Thursday, November 4, 2010

Hopalong Cassidy, Superman, the Shadow and Robert Mitchum

A few months back, someone actually read my blog. He posted a comment, too, in which he mentioned a Hopalong Cassidy movie in which a young Robert Mitchum appeared.

I own a number of Hoppy DVDs, but I didn’t happen to have that particular film (Hoppy Serves a Writ from 1942), so I immediately Netflixed it. And, by golly, not only is Bob Mitchum in it, so is George Reeves and Victor Jory.

Jory played the Shadow (the toughest of pulp magazine tough guys) in a 1940 serial. Reeves, of course, played Superman (the toughest of comic book tough guys) on TV in the 1950s.

And Mitchum, of course, is one of the toughest of tough guy actors. Heck, he’s so tough he probably hung around the back lot between movies chewing on nails along with Richard Widmark, Lee Marvin and Charles Bronson.

In the Hoppy movie, Jory is the leader of a gang of rustlers and stage coach robbers. Reeves and Mitchum are members of his gang. Despite the fact that all three men are playing outlaws and thugs, it is by default the most manly gang of real men in the history of manliness.

There’s one scene in which one of Hoppy’s sidekicks is captured by the gang and knocked around in an attempt to get him to talk. To his credit, he doesn’t talk, despite the fact that the Shadow and Superman are taking turns punching him while Bob Mitchum holds him up.

The movie as a whole, by the way, is a typically good B-Western. William Boyd gives his usual boisterous and likable performance as Hoppy, there’s an effective use of outdoor locations and the plot is well-constructed. And there’s a great saloon brawl in which Hoppy beats the snot out of the Shadow. Now THAT’S tough.

My appreciation to the gentleman who left the comment that inspired me to catch up on another great black-and-white Western. I just wish the film had a better title. Hoppy Serves a Writ just isn’t tough enough. But I suppose Hoppy Beats the Snot Out of The Shadow wouldn’t have fit on the theater marquee.


  1. A great post! I'm that gentleman and I'm still reading and enjoying your 'blog!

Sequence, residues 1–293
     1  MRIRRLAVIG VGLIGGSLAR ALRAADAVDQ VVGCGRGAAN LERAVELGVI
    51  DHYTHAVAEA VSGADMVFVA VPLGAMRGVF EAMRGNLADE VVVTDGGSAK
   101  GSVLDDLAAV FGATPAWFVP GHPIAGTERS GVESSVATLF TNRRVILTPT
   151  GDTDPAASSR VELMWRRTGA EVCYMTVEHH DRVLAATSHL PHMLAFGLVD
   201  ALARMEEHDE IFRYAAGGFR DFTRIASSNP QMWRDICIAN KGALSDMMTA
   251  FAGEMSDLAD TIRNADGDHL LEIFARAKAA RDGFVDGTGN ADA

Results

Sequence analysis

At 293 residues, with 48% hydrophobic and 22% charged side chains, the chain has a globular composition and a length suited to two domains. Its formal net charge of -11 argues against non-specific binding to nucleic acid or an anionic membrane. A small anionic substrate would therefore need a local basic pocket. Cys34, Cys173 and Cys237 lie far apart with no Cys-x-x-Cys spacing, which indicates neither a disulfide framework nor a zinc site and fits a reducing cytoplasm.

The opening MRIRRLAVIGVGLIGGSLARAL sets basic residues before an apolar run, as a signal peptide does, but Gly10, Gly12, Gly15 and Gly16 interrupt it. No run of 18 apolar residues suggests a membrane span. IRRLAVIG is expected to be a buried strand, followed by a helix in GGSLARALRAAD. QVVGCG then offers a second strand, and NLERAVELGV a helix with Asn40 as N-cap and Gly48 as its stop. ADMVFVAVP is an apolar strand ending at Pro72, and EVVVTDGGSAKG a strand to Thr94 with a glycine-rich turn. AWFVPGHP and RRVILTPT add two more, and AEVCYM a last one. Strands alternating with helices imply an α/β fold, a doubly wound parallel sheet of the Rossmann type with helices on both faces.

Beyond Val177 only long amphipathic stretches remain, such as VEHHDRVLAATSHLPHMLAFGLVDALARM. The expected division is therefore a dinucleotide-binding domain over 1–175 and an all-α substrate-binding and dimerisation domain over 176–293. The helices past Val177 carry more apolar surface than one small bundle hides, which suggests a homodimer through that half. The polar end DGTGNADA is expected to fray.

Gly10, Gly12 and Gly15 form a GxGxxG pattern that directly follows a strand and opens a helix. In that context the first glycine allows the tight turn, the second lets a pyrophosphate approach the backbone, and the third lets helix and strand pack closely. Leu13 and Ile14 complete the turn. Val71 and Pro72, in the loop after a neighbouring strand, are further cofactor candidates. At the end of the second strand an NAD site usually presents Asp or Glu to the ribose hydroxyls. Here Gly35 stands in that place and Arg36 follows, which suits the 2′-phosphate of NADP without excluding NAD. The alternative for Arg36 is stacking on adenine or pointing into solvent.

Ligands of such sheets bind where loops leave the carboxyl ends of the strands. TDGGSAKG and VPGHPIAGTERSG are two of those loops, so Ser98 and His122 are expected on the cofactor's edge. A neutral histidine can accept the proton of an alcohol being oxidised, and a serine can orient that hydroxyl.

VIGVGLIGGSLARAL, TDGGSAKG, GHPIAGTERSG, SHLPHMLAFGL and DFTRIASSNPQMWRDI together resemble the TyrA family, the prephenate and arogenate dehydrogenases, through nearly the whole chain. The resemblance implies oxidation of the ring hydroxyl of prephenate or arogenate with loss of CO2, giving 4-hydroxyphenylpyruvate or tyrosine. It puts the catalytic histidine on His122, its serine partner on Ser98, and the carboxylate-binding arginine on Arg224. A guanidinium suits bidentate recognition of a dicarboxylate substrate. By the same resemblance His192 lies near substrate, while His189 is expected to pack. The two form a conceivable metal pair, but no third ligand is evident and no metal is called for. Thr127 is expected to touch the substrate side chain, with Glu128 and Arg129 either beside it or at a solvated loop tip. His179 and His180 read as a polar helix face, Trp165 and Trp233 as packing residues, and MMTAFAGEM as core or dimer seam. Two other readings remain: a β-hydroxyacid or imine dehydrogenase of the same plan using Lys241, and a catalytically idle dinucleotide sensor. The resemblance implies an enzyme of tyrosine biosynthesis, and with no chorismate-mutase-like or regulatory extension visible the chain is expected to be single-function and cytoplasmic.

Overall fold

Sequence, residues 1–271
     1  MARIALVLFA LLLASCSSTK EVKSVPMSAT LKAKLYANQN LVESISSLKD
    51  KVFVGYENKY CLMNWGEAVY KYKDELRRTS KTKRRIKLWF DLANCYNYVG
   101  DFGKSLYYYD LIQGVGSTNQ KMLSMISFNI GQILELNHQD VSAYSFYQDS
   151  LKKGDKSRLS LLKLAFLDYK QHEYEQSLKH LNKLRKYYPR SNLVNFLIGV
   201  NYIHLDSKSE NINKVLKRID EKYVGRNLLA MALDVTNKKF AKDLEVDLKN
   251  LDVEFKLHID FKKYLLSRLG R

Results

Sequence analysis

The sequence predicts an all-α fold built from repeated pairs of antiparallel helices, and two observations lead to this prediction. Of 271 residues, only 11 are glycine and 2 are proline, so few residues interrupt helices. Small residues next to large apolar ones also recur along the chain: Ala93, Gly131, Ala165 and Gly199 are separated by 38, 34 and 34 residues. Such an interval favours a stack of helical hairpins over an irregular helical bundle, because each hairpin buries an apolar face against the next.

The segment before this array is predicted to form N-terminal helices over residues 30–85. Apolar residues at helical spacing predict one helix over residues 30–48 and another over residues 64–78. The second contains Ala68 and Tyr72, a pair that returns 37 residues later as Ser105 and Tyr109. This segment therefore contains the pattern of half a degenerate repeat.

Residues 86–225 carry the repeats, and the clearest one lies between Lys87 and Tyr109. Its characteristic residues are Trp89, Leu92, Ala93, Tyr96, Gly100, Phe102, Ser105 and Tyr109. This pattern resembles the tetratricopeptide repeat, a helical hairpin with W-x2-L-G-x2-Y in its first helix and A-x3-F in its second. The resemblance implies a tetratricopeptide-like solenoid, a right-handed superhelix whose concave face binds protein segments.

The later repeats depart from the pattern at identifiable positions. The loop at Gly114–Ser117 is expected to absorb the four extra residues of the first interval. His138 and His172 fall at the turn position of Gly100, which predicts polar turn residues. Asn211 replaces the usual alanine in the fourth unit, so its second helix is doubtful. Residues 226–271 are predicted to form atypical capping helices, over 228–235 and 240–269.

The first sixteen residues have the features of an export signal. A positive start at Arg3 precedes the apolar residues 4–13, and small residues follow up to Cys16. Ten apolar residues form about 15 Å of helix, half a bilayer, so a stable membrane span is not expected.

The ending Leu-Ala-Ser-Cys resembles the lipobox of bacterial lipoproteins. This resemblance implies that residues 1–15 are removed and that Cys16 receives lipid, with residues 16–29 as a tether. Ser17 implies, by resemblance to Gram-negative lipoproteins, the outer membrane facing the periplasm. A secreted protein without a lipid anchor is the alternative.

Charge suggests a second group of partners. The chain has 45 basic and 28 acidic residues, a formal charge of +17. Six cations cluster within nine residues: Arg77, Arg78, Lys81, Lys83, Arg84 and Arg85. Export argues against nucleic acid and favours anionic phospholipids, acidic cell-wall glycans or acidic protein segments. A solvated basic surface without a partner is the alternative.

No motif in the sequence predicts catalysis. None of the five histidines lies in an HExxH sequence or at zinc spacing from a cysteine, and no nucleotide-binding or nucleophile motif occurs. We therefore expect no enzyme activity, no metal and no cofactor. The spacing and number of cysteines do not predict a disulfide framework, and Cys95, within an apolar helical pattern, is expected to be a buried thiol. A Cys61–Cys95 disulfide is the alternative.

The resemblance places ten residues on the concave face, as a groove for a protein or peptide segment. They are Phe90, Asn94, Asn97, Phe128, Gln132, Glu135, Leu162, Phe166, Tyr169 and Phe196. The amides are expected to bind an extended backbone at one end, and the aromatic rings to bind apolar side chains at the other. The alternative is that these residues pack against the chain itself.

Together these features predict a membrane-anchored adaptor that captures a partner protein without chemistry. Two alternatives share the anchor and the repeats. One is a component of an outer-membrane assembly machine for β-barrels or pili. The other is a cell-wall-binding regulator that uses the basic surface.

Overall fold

"Hoppy Serves a Writ" was a pretty good movie (the title is taken from one of the original Mulford novels), but if you really want to enjoy Hoppy with Mitchum, Reeves and Jory you must see "Bar 20," one of my favorite Hoppy movies and the only one that features Reeves playing Hoppy's young sidekick Lin Bradley. Mitchum and Jory are excellent here too.

    Mitchum appeared in seven Hoppy movies (Border, Patrol, Bar 20, Hoppy Serves a Writ, Riders of the deadline, False Colors, Colt Comrades, and Leather Burners). Reeves was in five Cassidy pictures (Border Patrol, Bar 20, Hoppy Serves a Writ, Riders of the Deadline and Colt Comrades) and Jory was in seven, four alongside Mitchum (Bar 20, Hoppy Serves a Writ, Colt Comrades and Leather Burners). all of these movies date to 1943.

    Victor Jory is a great, underappreciated actor. In addition to "The Shadow," which I've yet to see, he was also "The Green Archer."

    Old comics, old-time radio, old movies and serials are among my favorite things, so it's always a delight to come here and see them all being celebrated and discussed with intelligence and insight.

    -- Gary Peterson, Omaha, NE

  2. Thanks for your kind words. I'll see if I can dig up "Bar 20" and watch it. I appreciate you taking the time to add to my Hoppy knowledge.


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